DEEP snow in Central Oregon

Oregon Home Inspector Roof Snow
Lance, your Oregon home inspector, removing snow from his own roof.

A Bend Oregon home Inspector's guide to protecting your home from very deep snow!

WOW! There is a lot of snow on the ground in Central Oregon (and maybe more on the way)! While I was working on my own home this weekend, I was thinking that many people probably have questions or concerns about how this volume of snow effects their home. Here are a few thoughts that I hope are helpful:

Snow on your roof, how much is too much?

Well, that's a very good question. Most modern homes were engineered to withstand a significant snow load. However, I climbed on the roof of my older garage this weekend and removed the snow - better safe than sorry! (That's me in the photo) The pitch of my garage roof is fairly flat -  so the snow collects easily instead of melting off. It's also open underneath so cold air above and below the roof keeps the snow from melting. These are two specific issues that can cause greater than normal snow load and accumulation. 

Here is a link to an article that talks a little about snow load and when to be concerned: Click here to read more about how much snow is too much snow.

Removing snow from your roof can be dangerous! There are roofing contractors, and snow removal companies that remove roof snow. It's difficult to find someone that isn't booked right now but here are some numbers to call:

  • Hidden Gem Property Maintenance: 541-550-3593
  • Northwest Quality Roofing: 541-647-1060
  • River Roofing Bend LLC: 541-316-7663

Ice dams building on your roof

Ice dams usually occur after a heavy snowfall and several days of freezing temperatures. Warm air inside or around your home leaks into the roof structure which warms the underside of the roof causing snow and ice on the roof to melt. The melted water will drain along the roof, under the snow, until it reaches the cold overhang. The overhang tends to be at the same temperature as the outdoors and the melted water will refreeze and form an ice dam and icicles. These ice dam may cause damage to the roof, which also may result in water leaks inside the home. A local roofing contractor told me just this morning he'd had a record number of calls about leaking due to ice dams.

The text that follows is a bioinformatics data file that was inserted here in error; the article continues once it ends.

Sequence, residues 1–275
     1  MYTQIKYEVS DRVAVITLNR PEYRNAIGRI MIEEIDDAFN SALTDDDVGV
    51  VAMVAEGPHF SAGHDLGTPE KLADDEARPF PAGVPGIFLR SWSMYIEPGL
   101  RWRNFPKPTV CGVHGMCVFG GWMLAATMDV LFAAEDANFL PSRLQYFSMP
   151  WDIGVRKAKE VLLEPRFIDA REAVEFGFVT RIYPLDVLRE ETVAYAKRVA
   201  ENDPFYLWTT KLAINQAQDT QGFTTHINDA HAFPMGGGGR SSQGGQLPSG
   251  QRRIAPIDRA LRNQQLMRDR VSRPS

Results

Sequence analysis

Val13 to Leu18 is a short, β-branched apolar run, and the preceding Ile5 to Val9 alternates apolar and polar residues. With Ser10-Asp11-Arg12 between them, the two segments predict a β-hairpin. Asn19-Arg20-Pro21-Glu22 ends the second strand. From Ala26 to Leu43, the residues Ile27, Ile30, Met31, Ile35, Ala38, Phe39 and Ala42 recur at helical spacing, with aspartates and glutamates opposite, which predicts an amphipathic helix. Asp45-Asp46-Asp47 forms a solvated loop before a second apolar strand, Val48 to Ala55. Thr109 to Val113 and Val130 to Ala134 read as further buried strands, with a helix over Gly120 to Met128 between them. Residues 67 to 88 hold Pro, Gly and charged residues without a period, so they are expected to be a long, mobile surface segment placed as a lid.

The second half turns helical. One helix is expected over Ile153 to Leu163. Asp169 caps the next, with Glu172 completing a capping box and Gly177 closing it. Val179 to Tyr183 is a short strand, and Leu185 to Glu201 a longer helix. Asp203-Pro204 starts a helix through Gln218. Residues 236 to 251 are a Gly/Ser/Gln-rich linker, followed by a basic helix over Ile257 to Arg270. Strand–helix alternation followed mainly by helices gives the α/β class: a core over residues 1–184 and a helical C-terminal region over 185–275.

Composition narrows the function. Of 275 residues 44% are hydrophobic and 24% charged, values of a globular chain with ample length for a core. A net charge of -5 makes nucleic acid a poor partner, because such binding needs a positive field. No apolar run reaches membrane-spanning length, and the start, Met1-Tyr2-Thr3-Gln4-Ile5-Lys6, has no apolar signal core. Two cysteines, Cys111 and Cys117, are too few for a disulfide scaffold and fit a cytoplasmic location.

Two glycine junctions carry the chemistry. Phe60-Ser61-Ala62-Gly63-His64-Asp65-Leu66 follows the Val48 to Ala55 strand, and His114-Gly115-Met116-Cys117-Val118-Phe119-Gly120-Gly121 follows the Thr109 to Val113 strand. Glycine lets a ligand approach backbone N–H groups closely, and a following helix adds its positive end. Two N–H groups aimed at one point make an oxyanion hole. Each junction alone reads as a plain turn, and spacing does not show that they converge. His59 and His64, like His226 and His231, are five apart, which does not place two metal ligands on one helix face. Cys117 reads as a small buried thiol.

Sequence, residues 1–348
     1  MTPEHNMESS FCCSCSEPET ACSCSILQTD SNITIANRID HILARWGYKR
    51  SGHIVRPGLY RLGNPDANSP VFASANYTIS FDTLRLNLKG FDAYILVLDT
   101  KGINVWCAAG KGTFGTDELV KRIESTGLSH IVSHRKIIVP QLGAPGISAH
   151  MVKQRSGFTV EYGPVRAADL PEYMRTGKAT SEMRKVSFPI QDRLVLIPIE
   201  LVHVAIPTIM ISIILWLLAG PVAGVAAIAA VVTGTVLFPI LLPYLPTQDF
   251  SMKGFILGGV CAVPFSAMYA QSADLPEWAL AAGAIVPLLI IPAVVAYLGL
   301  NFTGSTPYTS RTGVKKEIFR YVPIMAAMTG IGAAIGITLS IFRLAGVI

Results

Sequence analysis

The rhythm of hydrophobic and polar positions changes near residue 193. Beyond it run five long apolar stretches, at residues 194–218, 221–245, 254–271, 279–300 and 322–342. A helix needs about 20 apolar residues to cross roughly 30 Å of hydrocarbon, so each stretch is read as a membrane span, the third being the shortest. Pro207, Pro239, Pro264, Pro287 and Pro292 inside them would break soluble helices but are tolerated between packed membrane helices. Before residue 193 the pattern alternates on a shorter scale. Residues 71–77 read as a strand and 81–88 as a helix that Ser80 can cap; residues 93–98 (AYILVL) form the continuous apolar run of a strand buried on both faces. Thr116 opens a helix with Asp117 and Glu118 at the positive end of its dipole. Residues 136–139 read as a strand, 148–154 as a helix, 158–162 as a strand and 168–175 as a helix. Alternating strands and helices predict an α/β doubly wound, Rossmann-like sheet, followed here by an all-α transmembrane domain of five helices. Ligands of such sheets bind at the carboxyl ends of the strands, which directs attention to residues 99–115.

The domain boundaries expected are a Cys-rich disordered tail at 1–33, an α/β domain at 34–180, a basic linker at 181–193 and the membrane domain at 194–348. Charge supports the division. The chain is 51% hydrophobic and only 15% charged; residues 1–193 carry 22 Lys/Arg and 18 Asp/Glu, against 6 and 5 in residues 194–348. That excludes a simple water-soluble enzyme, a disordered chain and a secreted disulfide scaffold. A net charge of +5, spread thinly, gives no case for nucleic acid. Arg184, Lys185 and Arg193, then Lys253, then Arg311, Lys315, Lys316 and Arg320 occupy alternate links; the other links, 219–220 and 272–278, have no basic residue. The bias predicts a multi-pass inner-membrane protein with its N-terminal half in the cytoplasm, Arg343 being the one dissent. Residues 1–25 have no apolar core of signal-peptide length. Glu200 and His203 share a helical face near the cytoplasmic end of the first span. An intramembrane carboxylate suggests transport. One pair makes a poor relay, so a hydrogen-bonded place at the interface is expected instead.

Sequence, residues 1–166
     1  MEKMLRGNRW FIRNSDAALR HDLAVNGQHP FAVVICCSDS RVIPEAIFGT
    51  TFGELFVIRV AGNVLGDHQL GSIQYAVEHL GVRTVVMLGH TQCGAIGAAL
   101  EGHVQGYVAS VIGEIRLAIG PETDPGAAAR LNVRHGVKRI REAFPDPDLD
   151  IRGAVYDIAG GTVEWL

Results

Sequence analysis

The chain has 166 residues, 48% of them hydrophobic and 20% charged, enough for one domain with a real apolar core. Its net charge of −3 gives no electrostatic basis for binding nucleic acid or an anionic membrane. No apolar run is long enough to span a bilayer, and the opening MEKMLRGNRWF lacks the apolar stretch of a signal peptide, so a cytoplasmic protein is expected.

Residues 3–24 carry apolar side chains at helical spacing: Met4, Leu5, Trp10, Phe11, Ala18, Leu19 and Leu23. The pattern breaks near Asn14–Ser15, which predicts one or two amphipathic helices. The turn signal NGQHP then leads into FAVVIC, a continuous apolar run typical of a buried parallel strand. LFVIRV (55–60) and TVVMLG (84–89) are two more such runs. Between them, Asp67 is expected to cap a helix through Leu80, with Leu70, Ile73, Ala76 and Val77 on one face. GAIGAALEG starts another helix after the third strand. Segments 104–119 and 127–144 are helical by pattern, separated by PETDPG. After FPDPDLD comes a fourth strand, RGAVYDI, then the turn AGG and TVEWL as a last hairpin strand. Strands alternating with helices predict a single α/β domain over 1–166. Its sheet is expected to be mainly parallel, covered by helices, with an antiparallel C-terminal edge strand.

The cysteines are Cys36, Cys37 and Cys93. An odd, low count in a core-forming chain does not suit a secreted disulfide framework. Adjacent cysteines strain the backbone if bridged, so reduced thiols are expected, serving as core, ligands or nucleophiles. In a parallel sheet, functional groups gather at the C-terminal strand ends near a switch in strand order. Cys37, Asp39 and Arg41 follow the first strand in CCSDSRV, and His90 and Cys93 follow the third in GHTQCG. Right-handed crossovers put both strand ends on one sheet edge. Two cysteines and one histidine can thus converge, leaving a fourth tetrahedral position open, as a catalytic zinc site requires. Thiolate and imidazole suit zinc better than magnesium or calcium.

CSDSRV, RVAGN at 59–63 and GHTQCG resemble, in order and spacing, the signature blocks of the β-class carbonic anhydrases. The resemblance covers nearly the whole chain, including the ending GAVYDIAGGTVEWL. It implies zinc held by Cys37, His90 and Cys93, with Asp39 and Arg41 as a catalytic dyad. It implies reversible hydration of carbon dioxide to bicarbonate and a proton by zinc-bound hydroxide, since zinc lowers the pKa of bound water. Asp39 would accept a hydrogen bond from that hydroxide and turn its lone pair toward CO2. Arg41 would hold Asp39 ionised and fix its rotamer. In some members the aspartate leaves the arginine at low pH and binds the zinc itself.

Keep in mind - Central Oregon weather will probably change for the better soon (I hope!) and your current ice dams will likely go away without causing significant issues but...

Take photos and make a note of where they are located. It's possible with repairs and/or some additional home maintenance they may be avoidable in the future. Here is an article that explains why they develop at the edge of your roof and what you can do about them: Click here to read more about ice dams

If you're concerned, or already seeing signs of a roof leak, call a licensed roofing contractor sooner as opposed to later because they're getting booked. Here are those phone numbers:

  • Northwest Quality Roofing: 541-647-1060
  • River Roofing Bend LLC: 541-316-7663

Clear the space around your heat pump

Heat pumps need to draw air from from the areas surrounding them (all four sides of the outdoor unit).  It is important to clear these areas of snow and ice build-up so air can freely reach the heat pump.  This will allow the heat pump to operate as efficiently as possible and will alleviate strain on the unit. I shoveled all the way around my heat pump a couple of times this weekend to make sure it had adequate airflow. If your heat pump, has any snow build up surrounding it try and get it cleared away as soon as possible.

Take a vacation!

I don't know about you but this Oregon home inspector is ready for a little sunshine! So, now that you've shoveled a mountain of snow and handled all your home maintenance issues, I suggest packing your bags and hitting the beach for a few days.  

When you go...

Leave the heat on, the faucets dripping and the cabinet doors open so your pipes are protected while you're gone.

Even better - consider a dependable house sitter to keep an eye on things while you are away, and maybe do some of the shoveling.

About your Oregon Home Inspector

As a Central Oregon Home Inspector we are fully certified, licensed, bonded and insured. Our commitment to continuing education, in order to exceed customers expectations, keeps us constantly participating in industry conferences, seminars and classes to improve our Oregon Home Inspections.

 

What does our Residential Home Inspection report include?

  • Lot Drainage
  • Walks & Driveway
  • Foundation & Crawl Space
  • Siding
  • Roof System
  • Attic Insulation & Venting
  • Heating & Cooling Systems
  • Plumbing
  • Water Heater
  • Electrical
  • Interior Rooms
  • Kitchen
  • Bathrooms
  • Garage
  • Walls, Ceilings, & Floors
  • Doors & Windows
  • Fixtures
  • And MORE!

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